Minister Rob Davies: Also as a member of the NCACC I think that if we were sitting there and taking judgments purely on commercial basis we would be selling a huge amount more arms than we are actually selling with gains to jobs in this country on a very significant scale. In fact I think we are very much on the side of caution, there are many proposals which come to us which we put on hold or reject. I think that the reports that will come from the committee as a whole will probably indicate from time to time the value of this business as a commercial operation. I think that we are actually erring on the side of caution rather than on the side of recklessness.


Media briefing: International Cooperation, Trade and Security, 13 September 2011

13 September 2011

Deputy Ministers
Members of the Media

We welcome you to this second Ministerial Cluster briefing for 2011.

African agenda

The 31st
 Summit of Heads of State and Government of the Southern African Development Community (SADC) which was held in Luanda, Republic of Angola in August elected President Zuma, as Chairperson of SADC Organ on Politics, Defence and Security Cooperation. The Organ is one of the most important forums of SADC with the mandate to deal with various activities relating to politics, defence and security challenges currently existing in the region that requires implementation and action by the Organ under the leadership of the Chair.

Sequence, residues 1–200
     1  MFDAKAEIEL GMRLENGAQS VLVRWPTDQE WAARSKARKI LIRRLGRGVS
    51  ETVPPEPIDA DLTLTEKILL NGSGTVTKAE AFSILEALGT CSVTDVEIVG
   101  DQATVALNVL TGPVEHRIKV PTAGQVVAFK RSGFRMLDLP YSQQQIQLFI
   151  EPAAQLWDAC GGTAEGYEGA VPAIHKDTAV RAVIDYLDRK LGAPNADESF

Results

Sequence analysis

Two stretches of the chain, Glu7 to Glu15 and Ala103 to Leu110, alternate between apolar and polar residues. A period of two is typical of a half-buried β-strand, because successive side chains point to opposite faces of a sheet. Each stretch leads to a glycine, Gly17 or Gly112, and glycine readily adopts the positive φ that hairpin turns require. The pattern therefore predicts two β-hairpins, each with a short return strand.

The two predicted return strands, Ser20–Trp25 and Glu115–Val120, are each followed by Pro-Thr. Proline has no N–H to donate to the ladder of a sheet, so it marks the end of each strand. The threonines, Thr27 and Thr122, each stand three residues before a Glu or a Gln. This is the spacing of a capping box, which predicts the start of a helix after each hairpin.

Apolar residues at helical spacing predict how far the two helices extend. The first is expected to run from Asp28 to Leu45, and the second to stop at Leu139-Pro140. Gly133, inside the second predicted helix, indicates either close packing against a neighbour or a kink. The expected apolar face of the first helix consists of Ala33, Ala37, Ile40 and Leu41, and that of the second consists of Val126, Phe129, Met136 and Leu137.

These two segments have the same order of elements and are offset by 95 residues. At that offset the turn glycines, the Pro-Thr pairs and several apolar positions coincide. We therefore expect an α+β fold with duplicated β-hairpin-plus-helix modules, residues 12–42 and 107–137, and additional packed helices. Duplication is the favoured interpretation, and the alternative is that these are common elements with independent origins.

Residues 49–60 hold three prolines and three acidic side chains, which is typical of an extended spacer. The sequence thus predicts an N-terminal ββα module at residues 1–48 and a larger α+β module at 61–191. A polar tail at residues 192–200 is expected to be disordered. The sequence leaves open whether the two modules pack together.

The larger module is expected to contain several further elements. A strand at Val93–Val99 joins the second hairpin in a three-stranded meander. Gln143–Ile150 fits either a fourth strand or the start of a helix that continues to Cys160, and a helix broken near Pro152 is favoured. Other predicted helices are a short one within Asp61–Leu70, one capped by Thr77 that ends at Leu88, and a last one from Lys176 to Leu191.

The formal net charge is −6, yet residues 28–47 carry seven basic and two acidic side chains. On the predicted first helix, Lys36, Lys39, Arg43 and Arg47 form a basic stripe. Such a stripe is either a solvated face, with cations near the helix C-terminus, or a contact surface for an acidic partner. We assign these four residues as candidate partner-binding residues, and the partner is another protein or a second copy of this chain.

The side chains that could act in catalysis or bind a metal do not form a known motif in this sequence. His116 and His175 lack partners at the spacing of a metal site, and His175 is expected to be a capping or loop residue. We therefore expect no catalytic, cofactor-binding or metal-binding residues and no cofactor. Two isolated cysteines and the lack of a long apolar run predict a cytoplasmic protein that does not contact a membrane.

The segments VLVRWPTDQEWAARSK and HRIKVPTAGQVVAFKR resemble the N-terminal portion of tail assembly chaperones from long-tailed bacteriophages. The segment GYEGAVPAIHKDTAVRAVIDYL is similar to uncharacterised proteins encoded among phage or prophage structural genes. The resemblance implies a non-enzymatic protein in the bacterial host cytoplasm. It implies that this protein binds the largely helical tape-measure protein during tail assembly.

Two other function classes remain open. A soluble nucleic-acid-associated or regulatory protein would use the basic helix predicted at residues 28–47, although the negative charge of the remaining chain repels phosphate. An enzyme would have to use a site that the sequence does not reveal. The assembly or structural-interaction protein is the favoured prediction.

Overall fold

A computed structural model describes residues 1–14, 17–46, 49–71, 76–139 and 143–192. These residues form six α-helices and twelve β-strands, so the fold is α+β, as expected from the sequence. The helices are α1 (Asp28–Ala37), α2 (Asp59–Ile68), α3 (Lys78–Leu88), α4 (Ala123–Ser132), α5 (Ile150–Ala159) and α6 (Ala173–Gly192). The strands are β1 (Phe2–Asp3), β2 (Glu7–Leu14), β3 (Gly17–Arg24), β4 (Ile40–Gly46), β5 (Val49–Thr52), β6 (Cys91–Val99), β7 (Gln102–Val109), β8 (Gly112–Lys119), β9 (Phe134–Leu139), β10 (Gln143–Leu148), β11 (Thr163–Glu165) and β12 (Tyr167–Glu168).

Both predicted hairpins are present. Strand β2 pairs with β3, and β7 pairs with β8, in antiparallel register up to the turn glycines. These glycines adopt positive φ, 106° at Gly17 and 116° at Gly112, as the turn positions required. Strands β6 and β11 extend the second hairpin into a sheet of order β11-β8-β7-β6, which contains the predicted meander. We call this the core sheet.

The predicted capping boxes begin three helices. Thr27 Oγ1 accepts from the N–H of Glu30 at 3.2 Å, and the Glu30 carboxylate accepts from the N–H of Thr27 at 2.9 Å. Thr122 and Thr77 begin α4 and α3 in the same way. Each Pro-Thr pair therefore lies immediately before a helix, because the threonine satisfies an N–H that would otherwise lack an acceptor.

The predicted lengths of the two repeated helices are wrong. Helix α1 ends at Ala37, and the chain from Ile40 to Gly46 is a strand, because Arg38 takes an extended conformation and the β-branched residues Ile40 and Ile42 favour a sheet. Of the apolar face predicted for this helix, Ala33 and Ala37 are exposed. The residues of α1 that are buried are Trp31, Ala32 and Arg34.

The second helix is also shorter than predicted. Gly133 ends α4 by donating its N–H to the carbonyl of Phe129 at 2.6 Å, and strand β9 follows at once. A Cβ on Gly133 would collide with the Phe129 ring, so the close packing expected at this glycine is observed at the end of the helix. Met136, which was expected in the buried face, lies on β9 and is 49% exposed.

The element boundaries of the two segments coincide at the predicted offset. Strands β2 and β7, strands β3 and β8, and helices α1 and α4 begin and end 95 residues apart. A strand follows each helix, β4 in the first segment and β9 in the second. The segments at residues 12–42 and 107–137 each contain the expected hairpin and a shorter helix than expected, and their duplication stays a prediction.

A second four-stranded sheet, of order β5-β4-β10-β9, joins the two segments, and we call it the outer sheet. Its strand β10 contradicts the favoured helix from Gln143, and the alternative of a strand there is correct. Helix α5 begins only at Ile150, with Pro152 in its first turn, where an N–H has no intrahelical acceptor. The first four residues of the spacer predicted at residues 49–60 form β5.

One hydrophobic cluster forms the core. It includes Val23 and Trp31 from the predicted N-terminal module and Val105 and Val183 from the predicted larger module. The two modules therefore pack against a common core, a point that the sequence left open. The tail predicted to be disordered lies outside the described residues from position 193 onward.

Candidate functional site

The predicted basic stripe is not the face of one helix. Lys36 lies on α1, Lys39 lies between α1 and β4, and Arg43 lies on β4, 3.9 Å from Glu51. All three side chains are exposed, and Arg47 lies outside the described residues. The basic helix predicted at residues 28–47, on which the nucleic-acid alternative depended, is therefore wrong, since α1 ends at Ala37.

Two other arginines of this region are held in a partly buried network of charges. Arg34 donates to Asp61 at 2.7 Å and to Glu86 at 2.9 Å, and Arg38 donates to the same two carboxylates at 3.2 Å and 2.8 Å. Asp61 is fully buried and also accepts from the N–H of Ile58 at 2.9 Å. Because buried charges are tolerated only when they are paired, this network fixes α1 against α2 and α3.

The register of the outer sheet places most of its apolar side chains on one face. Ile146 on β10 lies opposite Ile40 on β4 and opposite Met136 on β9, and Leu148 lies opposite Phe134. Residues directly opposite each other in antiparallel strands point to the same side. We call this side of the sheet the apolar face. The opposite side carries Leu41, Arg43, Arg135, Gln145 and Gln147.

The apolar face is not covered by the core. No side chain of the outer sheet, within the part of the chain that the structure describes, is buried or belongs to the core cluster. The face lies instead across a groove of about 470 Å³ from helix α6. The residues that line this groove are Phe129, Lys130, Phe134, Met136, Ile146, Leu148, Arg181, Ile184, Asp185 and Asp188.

The Organ has since been pre-occupied with matters relating to the implementation of decisions related to the consolidation of democracy, defence and security matters, political and security situation in the region and the political developments in the DRC, Lesotho, Madagascar, and Zimbabwe.


On 11 September 2011 the South African Government deployed the South African National Defence Force to a rescue and humanitarian mission following the ferry accident in along the island of Zanzibar off the coast of Tanzania. SANDF has deployed a team of eleven specialist divers, four medical personnel and a range of highly specialised equipments like chambers and oxygen gases to be used during the operation.  The team consists of defence force members form the Navy, the Airforce and the SA Medical Health Services.


South Africa is and has always been committed to the peaceful resolution of conflicts on the African continent and globally; and has made substantial contributions in mediation efforts, peacemaking, peace-building, and post-conflict reconstruction.  Our contributions in countries such as the Burundi, Cote d’Ivoire, the Democratic Republic of the Congo (DRC), Madagascar, South Sudan and Zimbabwe – speak for themselves.


Regional political and economic integration